- This means we can send everything about the animation to the native layer before it has even started and allows native code to perform the animation on the UI thread without having to go through the bridge on every frame.Now we areÂ talking!It is very useful because once the animation has started, the JS thread can be blocked and the animation will still run smoothly.When creating an Animation in React Native, you could create an Animated.Value and change this value to update some transforms in your UI components.
- If it is blocked, the animation will skip frames.
Jasbir singh has been working on creating smooth animation effects that are hooked up to scroll events in React Native. Here is a brief explanation from Jasbir on it. This article shares some of the…
Continue reading “Butter Smooth Scrolling Animations in React Native – NativeBase.io Blog”
- Itâs quite similar to ReactJS in a way, however there are some differences between React Native and ReactJS.Is a framework:React Native is a framework, but ReactJS is a JS library.
- Meaning, for ReactJS youâll need a bundler like webpack and then youâll figure out which modules youâll need for the project, on the other hand, you wonât need any bundler or any other tools to bootstrap your project, only react-native-cli.
- Doesnât haveÂ HTML:In React Native, you wonât have html elements, youâll have instead alternative components that work in a similar way, and they map to actual IOS and Android UI components that renders on the app.Because youâre not rendering HTML, you canât use any ReactJS library that renders HTML, but you most probably will find alternative React Native libraries here.CSS only inÂ JS:In React Native, styling is only done in JS, and itâs not exactly CSS, and it doesnât always behave like it, nevertheless it looks pretty much like CSS.No CSS Animations:In React Native, you donât have CSS Animations, the recommended way to animate a component is using Animated API.Developer tools for Code, not forÂ UI:You still can use the same Chrome DevTools to debug your app, also you can use Redux DevTools to inspect the state of your app, but still you canât inspect the UI with Chrome DevTools, youâll have to use the platform native inspector (XCode/Android studio).
- Tools:XCode (for IOS)Andriod Studio (for Andriod)Device (if you donât want to run the app only on simulators)Hereâs a React Native crash course thatâll help you get started reallyÂ quickly.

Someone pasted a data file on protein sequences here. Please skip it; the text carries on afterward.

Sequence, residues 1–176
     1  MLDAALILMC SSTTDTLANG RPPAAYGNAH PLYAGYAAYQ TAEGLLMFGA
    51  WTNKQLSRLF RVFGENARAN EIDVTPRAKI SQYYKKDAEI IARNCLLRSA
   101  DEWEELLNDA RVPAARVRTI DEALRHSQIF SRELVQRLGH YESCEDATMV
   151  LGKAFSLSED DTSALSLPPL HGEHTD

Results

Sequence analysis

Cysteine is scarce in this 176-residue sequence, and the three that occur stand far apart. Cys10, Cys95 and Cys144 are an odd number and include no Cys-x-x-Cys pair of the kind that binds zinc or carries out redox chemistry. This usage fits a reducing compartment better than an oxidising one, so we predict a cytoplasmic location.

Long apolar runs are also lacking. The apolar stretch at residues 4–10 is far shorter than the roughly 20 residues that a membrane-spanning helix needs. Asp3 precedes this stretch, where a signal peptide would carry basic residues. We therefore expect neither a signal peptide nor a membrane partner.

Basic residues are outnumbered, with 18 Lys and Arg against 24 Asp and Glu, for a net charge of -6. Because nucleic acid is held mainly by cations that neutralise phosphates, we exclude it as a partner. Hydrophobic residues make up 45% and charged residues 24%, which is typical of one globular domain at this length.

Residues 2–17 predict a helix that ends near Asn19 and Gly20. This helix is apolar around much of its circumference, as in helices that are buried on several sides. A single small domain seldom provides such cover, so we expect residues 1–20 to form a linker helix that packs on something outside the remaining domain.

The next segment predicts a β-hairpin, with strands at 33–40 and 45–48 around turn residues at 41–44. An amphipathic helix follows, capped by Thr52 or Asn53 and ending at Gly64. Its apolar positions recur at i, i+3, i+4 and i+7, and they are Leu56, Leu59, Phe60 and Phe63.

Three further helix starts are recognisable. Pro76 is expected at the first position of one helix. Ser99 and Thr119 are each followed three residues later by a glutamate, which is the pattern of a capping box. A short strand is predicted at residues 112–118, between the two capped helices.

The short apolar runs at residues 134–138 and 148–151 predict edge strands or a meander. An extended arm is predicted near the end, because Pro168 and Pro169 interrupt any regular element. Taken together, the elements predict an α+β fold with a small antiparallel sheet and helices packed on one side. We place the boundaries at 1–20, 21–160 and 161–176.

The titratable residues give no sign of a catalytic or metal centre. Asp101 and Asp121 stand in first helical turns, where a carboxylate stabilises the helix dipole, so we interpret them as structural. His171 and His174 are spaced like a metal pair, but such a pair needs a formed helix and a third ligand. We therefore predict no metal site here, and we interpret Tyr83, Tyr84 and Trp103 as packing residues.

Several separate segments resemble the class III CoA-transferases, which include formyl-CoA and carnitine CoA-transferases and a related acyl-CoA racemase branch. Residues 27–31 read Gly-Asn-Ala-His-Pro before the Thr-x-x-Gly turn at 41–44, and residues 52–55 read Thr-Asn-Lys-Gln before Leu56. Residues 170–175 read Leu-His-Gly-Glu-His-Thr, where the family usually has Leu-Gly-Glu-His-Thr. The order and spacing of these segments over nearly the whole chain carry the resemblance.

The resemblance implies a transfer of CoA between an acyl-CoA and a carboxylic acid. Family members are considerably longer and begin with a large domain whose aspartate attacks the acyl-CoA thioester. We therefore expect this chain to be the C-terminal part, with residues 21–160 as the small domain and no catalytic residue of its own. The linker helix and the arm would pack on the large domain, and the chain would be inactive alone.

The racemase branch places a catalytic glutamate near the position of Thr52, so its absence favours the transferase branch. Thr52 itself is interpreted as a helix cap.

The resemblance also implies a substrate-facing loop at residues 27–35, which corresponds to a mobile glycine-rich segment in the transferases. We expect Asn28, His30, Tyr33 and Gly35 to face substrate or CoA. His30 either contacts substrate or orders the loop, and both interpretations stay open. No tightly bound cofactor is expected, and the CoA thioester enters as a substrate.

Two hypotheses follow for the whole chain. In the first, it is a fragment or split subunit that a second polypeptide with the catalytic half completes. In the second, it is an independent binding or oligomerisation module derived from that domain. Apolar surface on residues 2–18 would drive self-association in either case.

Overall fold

Continue reading “React Native and ReactJS – Ahmed Mahmoud – Medium”
- Before team Bloomberg adopted React Native for their mobile app development, they had to spend significant time in developing and updating the versions of iOS and Android app individually.
- Although React Native covers a small part of this app, it adds a significant experience for the users in terms of UI and UX.
- Their iOS and Android apps share 98% of the code, which is an amazing example of how React Native can help in cross-platform app development.
- The examples shared above elucidates that React Native has got potential for mobile app development, with any scale, any idea, with any type of content.
- If you too have an app idea that this amazing technology can do justice to, check out more about our React Native development services.
React Native use modern web techniques for mobile app development. Here is a list of 10 amazing apps that are built using React Native technology.
Continue reading “10 Amazing Apps that are Built using React Native”
- In this course we will learn and demonstrate the basic concepts of the React Native Animated API.
- We’ll use Animated calls like and to animate style properties, and learn how to combine animations to create more complex effects.
- We’ll learn about more advanced interactions like animations with touch events, interpolation, and flip animations.
- The ultimate goal is to gain an understanding of how to animate React Native Views, how you can apply them to many different types of styles, and how to enhance the experience in your application.
In this course we will learn and demonstrate the basic concepts of the React Native Animated API. We’ll use Animated calls like timing and spring to animate style properties, and learn how to combine animations to create more complex effects. We’ll learn about more advanced interactions like animations with touch events, interpolation, and flip animations. The ultimate goal is to gain an understanding of how to animate React Native Views, how you can apply them to many different types of styles, and how to enhance the experience in your application.
Continue reading “Animate React Native UI Elements”